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Turkmeniscam: How Washington Lobbyists Fought to Flack for a Stalinist DictatorshipBy Ken SilversteinRandom House, 195 pages, $24 Sign Up For

Turkmeniscam: How Washington Lobbyists
Fought to Flack for a Stalinist Dictatorship

By Ken Silverstein
Random House, 195 pages, $24

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Two years ago, when I was a press officer for the United Nations in Iran, government agents tried to sting us. In an effort to discredit the U.N., every week I was visited by two fat, profoundly bearded and poorly dressed “TV producers”; they offered us unprecedented access to large national audiences on the condition that we weave criticism of the regime into our work. Of course, we turned them away and thus preserved our organization’s ability to remain in the country as a neutral aid rather than a propagandist for regime change.

Ken Silverstein, Washington editor for Harper’s, tells in Turkmeniscam of another sting, one that he concocted to snare four of the capital’s major lobbying firms. He induced these firms to vie for a fake but hefty contract to publicize the “strengths” of the Stalinist dictator of the Central Asian republic of Turkmenistan. Two of the firms, APCO Worldwide and Cassidy & Associates, tripped over themselves in their eagerness to champion one of the world’s most repressive regimes. In so doing, they became would-be accomplices of a demented, plundering despot.

Some of the lobbyists came from careers as high-ranking government insiders from both parties. In earlier life, they might have been Wilsonian idealists, but now, as deceptive denizens of K Street, they’re deeply into realpolitik, hustling for a fat paycheck by trying to make a tyrant palatable to U.S. policy makers.


AFTER CONSIDERING VARIOUS possible “clients,” Mr. Silverstein settled on a corrupt country with a “bloodcurdling” record on political rights and civil liberties—and an interest in rapprochement with the West. Then, with a cover story, business cards, a bogus Web site (that linked to nothing), vague allusions to Middle Eastern players and a sharp new suit from Hugo Boss, he wormed his way into the confidence of top lobbyists. He had the help of a seemingly knowledgeable and elegant-looking sidekick who, in his one verbal contribution to negotiations, blathered on nonsensically. Mr. Silverstein feared the jig was up, but the conferees reacted with sage nods of approval along with offers to build a useful coalition among politicians and the chattering classes.

From these interactions, Mr. Silverstein secretly recorded the particular tactics and inducements that lobbyists deploy to handle advocacy, policy change, damage control, reputation management and investment promotion. One of the prospective lobbyists tempered his pitch with a caveat—“Anyone who tells you they can get a congressman to do what you want ought not to be believed, but we can get in the door and make the case”—and yet, in the absence of rounded information and against a backdrop of longtime interactions, many legislators and other policy actors accept the case as made.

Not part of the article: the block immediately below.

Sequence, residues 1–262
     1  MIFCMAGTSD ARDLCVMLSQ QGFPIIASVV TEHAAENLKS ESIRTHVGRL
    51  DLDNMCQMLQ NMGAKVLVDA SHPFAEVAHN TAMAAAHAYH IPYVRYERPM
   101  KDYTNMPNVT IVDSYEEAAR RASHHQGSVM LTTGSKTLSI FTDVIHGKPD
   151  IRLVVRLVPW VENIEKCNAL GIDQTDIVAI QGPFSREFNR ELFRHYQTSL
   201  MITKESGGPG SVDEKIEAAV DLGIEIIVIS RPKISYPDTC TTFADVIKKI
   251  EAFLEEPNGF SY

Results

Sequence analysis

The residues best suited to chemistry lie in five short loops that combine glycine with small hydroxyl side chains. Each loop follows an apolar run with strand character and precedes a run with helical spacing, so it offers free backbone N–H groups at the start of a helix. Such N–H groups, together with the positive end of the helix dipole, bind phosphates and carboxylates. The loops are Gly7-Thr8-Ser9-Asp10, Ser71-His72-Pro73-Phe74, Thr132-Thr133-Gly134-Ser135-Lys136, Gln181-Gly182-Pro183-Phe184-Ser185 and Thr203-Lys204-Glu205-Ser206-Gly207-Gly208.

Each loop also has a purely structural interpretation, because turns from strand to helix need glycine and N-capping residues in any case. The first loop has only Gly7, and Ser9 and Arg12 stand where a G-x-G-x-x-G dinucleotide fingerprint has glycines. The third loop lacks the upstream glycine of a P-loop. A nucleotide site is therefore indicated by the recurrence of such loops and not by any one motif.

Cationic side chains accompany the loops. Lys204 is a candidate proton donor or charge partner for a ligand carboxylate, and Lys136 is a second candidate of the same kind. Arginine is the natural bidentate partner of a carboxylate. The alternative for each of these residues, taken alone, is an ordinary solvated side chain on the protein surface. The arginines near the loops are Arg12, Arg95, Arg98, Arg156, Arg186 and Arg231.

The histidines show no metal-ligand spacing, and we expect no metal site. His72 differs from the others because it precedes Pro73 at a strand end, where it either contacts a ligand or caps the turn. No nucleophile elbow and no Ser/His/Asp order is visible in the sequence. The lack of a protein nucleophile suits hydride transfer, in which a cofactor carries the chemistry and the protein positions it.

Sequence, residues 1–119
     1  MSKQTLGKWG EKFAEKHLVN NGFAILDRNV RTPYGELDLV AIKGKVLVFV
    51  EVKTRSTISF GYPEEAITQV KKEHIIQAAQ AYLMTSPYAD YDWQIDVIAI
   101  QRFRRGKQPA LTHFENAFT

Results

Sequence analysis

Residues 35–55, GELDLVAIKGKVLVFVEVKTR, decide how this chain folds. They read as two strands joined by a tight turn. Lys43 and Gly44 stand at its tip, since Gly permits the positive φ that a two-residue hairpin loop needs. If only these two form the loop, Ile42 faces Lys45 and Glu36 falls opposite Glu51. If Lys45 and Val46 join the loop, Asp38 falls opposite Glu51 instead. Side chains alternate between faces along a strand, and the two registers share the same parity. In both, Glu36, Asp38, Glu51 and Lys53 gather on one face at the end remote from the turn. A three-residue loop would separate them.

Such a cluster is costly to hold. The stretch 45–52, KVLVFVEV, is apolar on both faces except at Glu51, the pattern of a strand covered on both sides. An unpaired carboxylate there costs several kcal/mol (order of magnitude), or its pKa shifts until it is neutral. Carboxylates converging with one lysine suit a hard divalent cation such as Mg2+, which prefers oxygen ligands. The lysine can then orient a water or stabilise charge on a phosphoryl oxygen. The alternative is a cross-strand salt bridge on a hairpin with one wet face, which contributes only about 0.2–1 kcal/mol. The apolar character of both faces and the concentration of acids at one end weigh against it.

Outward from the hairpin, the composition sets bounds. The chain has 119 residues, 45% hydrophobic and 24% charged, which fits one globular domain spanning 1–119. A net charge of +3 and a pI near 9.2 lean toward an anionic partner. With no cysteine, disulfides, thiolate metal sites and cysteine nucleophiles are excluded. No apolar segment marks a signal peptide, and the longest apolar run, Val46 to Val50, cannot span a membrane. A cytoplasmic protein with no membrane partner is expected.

If Mr. Silverstein’s sting came easily, so did the lobbyists’ blandishments—they know how to win earmarks, to craft perceptions and to turn negative images into positive ones. Mr. Silverstein doesn’t make the argument that lobbyists are engaged in something of a carefully orchestrated sting themselves, but their handiwork smacks of swindle. That is, legislators, diplomats and the media are goaded into buying into a varnished depiction of the horrific situation in the “client” country.


GROWING OUT OF AN article last year in Harper’s, Turkmeniscam is a nimble contribution to the literature on the maneuvers of high-priced and impactful wheelers and dealers in the nation’s capital. As such it viably offers a supplement to this year’s important investigation by The Washington Post into Gerald Cassidy of Cassidy & Associates, a kingpin of domestic lobbyists.

With windbags and shills dominating the cast of characters, Mr. Silverstein’s clever exposé has some of the fun of an Elmore Leonard novel. He has an eye for the shady gesture, the persuasive detail and the big picture. The reader may wish that his sting could have been somehow prolonged so that we could see what documents and activities APCO Worldwide and Cassidy & Associates would have hatched for Turkmenistan. But Mr. Silverstein’s budget was small and his timeline short.

And his methods proved controversial: When his article first appeared in Harper’s, other inside-the-Beltway reporters joined lobbyists in criticizing the “unethical” tactics of his master-of-disguise investigative journalism. In rebuttal, Mr. Silverstein points to his field’s long but now largely dormant tradition of undercover reporting. He also is eloquent in criticizing the expectation that reporters merely “repeat the spin from both sides. … ‘Balance’ is not fair. It’s just an easy way of avoiding real reporting … and [of] shirking our responsibility to inform readers.”

Stings are sometimes necessary if you want to get the whole story. The Iranians found them useful in ferreting out our non-subversive intentions; when we didn’t go for the easy critique they tried to plant, they came to quasi-trust us. By the same token, Mr. Silverstein’s trick is most useful and necessary for showing how lobbyists’ gloss can trump context and integrity.

Dorn Townsend is a freelance reporter based in New York City. He can be reached at books@observer.com.

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